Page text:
1. In Android Studio, select File ▸ New ▸ Kotlin File/Class.
  2. In the pop-up, name your file ShoppingCart, select Object and press Enter.

Android Studio pop-up to create a ShoppingCart singleton

Android Studio will create a file with an empty object for you. It will look like this:

object ShoppingCart {

Notice how much this object declaration looks like a Kotlin class! The only difference is that you’re using the object keyword instead of the class keyword. But what difference does that make?

You can learn a lot about this difference by looking at the equivalent Java code. Lucky for you, Android Studio has a way for you to do this.

Go to Tools ▸ Kotlin ▸ Show Kotlin Bytecode and click the Decompile button at the top of the Kotlin Bytecode window. You’ll see something like the following:

public final class ShoppingCart {
   public static final ShoppingCart INSTANCE;

   private ShoppingCart() {

   static {
      ShoppingCart var0 = new ShoppingCart();
      INSTANCE = var0;

The main points to notice here are:

  • The Java class has a private constructor.
  • It has a static INSTANCE of the ShoppingCart singleton for the calling code to use.

Remember this when you’re trying to use this Kotlin code alongside Java!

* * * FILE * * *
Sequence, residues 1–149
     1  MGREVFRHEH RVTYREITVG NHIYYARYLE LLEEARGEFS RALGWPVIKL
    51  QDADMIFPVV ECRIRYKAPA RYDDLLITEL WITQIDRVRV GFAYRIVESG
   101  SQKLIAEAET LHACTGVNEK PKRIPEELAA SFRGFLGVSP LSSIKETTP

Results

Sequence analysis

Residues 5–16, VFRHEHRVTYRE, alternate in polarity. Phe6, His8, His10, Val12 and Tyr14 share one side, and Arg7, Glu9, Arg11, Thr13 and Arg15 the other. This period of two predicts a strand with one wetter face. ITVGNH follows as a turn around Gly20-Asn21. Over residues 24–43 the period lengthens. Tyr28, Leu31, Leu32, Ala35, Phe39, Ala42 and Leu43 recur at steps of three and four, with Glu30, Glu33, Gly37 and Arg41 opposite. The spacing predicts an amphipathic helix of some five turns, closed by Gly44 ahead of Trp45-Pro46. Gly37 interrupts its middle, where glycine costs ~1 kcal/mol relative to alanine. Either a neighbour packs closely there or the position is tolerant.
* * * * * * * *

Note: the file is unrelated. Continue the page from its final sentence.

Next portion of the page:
Creating a Singleton’s Public Interface

Now that you’ve created your singleton, you need to create its public interface so other classes can communicate with it. To do this, add the following insideShoppingCart‘s curly brackets:

// 1.
var products: List<Product> = emptyList()
  private set

// 2.
fun addProduct(product: Product) {
  products = products + listOf(product)

// 3.
fun clear() {
  products = emptyList()

By adding the above code, you:

  1. Created a list of Products. These are the products the user added to their cart. It has a private setter because only the singleton should be able to directly modify the list.
  2. Created a function to append the added product to the products list in the shopping cart. MainActivity will call this public function when a user adds a product to their cart.
  3. Gave the user a way to clear their shopping cart. Calling this function will empty the products list held by ShoppingCart.

Next, you’ll learn how to access the public interface of the singleton you just defined.

Accessing the Singleton’s Public Interface

Now that you’ve defined the singleton, you’ll add some logic so it can be accessed. To do this:

  1. Open MainActivity.kt.
  2. Find addProductToCart(), which ProductListAdapter calls when the user selects a product. That logic is already in place for you. All you need to do is replace the // TODO inside addProductToCart() with the following, importing android.widget.Toast as necessary:
    R.string.product_added_toast, Toast.LENGTH_SHORT

Notice that you’re calling ShoppingCart.addProduct(product) by using its name.

For some visual feedback to make sure you’ve added the product successfully, you also show a Toast.

Now, build and run. Click a product and you’ll see a Toast confirming you’ve added it to the cart:

Smar-T-App screen with a list of products and a Toast notification

Next, you’ll learn how to define companion objects. You’ll use a companion object to help you launch a new activity to display the ShoppingCart contents.